Manley said it will be up to Bush to get a comprehensive bill passed. He blamed conservative Republicans for the delay in the Senate's work.
In a letter from Reid to Frist dated Wednesday, Reid called Frist's position on immigration "very confusing" and insisted on quick action on immigration legislation.
In response to Hastert and Frist, Sen. Edward Kennedy, one of the lead voices in the Senate on the immigration issue, released a statement saying he was not impressed by the Republican leaders latest promises.
"Actions speak louder than words, and there's no running away from the fact that the Republican House passed a bill and Senator Frist offered one that criminalizes immigrants," Kennedy said. "Millions of people have made their voices heard in support of a comprehensive immigration reform plan and now it is time for action, not empty rhetoric."
In the meantime, the Senate is expected to take up its version of the immigration reform bill when it returns from Easter recess in two weeks. That bill failed to gain traction in the Senate after Democrats blocked a number of amendments to the compromise, saying that the amendments would have watered down the intent of the bill. In turn, Republicans said Democrats were not dedicated to true immigration reform. Democrats raised similar questions about Republicans.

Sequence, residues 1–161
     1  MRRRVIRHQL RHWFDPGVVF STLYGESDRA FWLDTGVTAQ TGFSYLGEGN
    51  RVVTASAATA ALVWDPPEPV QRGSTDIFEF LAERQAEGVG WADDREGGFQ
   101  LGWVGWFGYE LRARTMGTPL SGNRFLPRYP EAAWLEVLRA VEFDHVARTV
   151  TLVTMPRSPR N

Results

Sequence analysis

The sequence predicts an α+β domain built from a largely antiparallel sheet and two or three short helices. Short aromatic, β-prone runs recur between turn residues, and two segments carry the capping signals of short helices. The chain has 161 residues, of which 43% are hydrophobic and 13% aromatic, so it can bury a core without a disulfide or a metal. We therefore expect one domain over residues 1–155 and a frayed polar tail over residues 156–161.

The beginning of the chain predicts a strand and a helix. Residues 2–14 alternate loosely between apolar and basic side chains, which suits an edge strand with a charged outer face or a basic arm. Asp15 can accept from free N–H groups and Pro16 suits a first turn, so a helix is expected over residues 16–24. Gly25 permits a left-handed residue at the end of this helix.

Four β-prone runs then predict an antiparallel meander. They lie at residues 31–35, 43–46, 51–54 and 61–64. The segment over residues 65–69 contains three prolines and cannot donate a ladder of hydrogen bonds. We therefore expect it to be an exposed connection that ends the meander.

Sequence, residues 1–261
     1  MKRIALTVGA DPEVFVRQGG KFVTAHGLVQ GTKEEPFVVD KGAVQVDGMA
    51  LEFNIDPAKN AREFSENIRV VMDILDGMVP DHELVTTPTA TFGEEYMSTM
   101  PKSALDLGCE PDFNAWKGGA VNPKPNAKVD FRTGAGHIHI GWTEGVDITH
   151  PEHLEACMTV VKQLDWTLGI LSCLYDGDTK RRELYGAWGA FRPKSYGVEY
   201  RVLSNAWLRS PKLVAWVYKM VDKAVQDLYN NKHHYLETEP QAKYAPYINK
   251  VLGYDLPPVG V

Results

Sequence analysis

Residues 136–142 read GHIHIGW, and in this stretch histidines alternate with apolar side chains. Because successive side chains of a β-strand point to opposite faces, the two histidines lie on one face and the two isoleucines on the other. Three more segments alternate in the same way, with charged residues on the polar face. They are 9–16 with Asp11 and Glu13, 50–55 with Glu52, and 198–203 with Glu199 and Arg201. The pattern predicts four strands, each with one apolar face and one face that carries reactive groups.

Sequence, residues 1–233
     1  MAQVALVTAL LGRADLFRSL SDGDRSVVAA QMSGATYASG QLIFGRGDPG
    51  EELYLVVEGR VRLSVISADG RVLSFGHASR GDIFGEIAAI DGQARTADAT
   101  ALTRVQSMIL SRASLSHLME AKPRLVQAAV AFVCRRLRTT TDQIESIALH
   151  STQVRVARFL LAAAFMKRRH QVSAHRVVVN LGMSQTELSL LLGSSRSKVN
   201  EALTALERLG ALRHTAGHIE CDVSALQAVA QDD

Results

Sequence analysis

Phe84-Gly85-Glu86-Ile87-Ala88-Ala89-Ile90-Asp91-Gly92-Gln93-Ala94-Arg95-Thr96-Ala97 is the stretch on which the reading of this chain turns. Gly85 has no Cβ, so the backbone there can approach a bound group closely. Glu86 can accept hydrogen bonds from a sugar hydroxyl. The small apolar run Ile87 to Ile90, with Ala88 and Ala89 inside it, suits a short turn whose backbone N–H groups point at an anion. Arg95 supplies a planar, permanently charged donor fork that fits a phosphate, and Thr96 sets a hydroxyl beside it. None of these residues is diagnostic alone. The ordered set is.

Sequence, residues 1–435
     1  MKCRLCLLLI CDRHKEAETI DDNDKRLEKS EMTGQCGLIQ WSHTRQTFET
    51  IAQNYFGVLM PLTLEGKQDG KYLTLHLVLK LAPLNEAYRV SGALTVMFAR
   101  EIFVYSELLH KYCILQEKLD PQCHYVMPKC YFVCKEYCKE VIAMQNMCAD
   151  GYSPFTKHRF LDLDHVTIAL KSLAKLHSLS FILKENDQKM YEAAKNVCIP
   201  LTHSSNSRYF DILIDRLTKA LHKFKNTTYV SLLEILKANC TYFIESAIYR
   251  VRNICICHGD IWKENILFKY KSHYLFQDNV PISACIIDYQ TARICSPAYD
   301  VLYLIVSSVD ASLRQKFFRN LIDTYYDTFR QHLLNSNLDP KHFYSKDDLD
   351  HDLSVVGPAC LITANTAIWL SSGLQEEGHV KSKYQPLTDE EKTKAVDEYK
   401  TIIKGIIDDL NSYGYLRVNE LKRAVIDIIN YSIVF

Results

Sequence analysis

While the likelihood of the Senate coming to agreement is in question, the ability of the Senate and House to reach a deal is equally unknown.
Republican conservatives in the House have denounced Senate proposals as so-called amnesty — giving lawbreakers an unfair advantage at citizenship over those who have sought legal pathways into the country.
FOXNews.com's Greg Simmons and The Associated Press contributed to this report.